For the purposes of describing the invention, holey fibre will be used as an example of an engineered microstructured material with elongate, high aspect ratio voids. The voids in holey fibres constitute an array of air holes that extend along the length of the fibre and define the fibre's transverse refractive index profile. Appropriate selection of the size, position and quantity of the holes is used to tailor the refractive index and give many desirable properties to the fibre such as endless single mode propagation and high nonlinearity. The holes are elongate, having diameters on the micron scale, and more recently on the nanometer scale, and lengths as long as is possible to fabricate the fibre. For the purposes of the present invention, a sample of holey fibre of a length appropriate for the device being fabricated may be used; it is expected that such lengths will typically be of millimeter, centimeter, meter or kilometer dimensions. High pressure fluid, in particular supercritical fluid, can readily propagate along the holes for these lengths, and it has been found that semiconductor material carried by the fluid is evenly and uniformly deposited within the voids.
However, holey fibre is used here merely as an example, and it is to be understood that the invention extends to other microstructured materials having elongate voids, such as planar samples possibly intended as channel or other planar waveguides, or alternative elongate configurations, such as ribbon fibre arrangements containing arrays of cavities. The invention is well suited for depositing semiconductor material into elongate voids with a high aspect ratio, since the high pressure fluid can readily penetrate into very narrow holes and still flow along the entire length of the hole. Even very narrow voids, with widths on the nanometer scale, can have semiconductor material deposited using the present invention. Thus, the voids may have dimensions such that they have a width of 1 nm to 100 nm but a longer length, such as a ratio of length to width (aspect ratio) in the range 100:1 to 1000:1, 100:1 to 10000:1, 100:1 to 100000:1, and on through more extreme aspect ratios of 106:1, 107:1, 108:1, 109:1, 1010:1, 1011:1, or 1012:1. This last very extreme aspect ratio corresponds to a cross-sectional area of 1 nm2 and a 1 km length. The lower end of the range may be larger than 100:1, for example it may be 1000:1, 10000:1 or 100000:1. However, the voids are not limited to such tiny cross-sections, and larger sizes with void widths of between 1 nm and 1 μm or between 1 μm and 1 mm are also included.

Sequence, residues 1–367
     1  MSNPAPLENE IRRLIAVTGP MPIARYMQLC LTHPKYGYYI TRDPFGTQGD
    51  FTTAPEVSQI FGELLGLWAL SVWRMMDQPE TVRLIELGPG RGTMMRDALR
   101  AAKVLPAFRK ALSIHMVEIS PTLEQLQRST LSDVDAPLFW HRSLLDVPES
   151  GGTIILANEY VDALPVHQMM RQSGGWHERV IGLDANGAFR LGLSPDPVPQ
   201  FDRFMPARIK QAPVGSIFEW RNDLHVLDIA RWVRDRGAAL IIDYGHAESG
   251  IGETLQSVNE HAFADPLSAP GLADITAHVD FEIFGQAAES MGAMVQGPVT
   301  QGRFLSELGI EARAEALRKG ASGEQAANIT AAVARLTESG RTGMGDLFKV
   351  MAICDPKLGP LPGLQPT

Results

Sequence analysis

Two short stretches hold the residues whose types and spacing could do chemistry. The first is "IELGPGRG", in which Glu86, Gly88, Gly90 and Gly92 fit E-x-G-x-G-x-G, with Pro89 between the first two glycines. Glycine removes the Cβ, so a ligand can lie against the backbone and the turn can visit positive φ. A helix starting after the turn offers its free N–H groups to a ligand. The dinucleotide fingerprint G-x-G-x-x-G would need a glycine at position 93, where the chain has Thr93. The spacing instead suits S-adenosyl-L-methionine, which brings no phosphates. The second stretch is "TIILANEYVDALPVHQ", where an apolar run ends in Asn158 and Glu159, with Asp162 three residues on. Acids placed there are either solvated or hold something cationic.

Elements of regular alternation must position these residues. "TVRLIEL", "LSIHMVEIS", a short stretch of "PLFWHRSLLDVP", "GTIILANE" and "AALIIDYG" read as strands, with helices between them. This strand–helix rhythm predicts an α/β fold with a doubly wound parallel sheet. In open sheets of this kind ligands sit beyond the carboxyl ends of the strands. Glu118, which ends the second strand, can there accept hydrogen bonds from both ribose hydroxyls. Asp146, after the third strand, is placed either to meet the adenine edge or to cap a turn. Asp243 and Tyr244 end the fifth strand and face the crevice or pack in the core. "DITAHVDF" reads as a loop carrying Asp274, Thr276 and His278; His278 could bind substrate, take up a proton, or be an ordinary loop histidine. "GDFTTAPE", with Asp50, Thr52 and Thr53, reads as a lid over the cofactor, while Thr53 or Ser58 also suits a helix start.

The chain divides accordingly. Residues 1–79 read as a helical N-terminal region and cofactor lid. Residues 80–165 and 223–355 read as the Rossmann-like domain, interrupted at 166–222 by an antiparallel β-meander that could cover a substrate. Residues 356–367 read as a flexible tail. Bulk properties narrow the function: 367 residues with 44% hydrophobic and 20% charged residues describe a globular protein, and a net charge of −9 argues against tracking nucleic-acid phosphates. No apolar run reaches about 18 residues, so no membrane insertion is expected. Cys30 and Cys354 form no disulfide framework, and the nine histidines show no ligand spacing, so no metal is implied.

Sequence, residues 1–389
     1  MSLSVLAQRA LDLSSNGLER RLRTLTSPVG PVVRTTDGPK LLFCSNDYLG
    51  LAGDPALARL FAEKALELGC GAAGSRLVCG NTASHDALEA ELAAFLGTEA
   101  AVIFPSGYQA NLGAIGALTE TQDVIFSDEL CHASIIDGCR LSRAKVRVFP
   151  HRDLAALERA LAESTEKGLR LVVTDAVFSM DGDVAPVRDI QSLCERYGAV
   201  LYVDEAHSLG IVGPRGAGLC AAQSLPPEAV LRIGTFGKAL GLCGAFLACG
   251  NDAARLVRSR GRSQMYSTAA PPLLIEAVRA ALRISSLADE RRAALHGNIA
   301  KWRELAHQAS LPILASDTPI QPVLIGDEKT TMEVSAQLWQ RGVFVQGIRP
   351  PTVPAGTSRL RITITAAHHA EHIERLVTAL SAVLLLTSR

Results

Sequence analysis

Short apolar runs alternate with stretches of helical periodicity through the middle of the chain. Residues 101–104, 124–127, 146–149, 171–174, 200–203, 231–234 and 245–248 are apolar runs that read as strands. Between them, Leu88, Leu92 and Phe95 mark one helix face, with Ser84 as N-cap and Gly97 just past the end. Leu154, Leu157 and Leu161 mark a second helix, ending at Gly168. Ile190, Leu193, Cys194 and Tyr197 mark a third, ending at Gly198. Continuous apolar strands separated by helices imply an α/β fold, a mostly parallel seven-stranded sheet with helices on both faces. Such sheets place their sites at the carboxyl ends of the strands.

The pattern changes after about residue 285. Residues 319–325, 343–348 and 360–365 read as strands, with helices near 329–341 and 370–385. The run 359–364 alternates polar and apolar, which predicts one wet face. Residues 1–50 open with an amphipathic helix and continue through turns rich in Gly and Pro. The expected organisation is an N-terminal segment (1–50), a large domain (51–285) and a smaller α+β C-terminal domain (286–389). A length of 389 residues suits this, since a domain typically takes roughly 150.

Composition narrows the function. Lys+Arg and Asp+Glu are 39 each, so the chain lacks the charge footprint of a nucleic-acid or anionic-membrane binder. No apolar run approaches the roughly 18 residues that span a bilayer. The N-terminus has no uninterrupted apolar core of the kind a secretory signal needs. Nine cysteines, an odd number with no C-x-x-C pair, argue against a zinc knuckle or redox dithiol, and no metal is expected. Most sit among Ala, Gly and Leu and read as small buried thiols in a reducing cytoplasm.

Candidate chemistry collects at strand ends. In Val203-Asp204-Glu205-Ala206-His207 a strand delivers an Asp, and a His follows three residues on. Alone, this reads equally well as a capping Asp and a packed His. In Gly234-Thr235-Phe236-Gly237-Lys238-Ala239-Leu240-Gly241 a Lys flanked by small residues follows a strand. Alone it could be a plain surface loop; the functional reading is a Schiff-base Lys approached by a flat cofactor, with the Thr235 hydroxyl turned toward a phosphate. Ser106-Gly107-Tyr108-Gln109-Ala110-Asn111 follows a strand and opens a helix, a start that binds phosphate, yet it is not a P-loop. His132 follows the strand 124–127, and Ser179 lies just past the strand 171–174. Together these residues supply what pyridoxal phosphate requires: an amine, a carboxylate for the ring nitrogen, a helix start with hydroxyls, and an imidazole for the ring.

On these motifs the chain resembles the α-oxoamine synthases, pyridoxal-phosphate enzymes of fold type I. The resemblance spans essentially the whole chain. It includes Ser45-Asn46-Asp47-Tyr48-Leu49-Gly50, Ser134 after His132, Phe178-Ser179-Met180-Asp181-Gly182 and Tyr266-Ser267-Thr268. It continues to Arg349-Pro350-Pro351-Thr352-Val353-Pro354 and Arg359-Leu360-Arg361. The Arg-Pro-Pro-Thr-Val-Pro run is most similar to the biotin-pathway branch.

Each material is able to transmit electromagnetic radiation, i.e. is transparent to electromagnetic radiation; this is frequently achieved by the provision of the voids, although in some cases, the material may have a structure or physical nature that allows it to be transmissive, and the holes are supplemental to this, or possibly even incidental. For example, the voids may be provided specifically for deposition of semiconductor material according to the present invention, to provide functional features for a device.
A particular application of the invention is the fabrication of metamaterials that are also mesomaterials. A mesomaterial is one in which quantum effects can be exploited by structures on the nanometer scale, for example a carbon nanotube. Thus, under the correct conditions (typically a certain temperature regime) it demonstrates behavior somewhere between nanotechnology and full quantum mechanics. Using an appropriate combination of engineered microstructured material having an array of nanoscale voids and made from a suitable material, and semiconductor material, a metamaterial made according to the present invention can have the form of a mesomaterial. The microstructured material should have a mesoporous structure, in which the voids are small enough to contain a wavefunction so that quantum effects can be observed.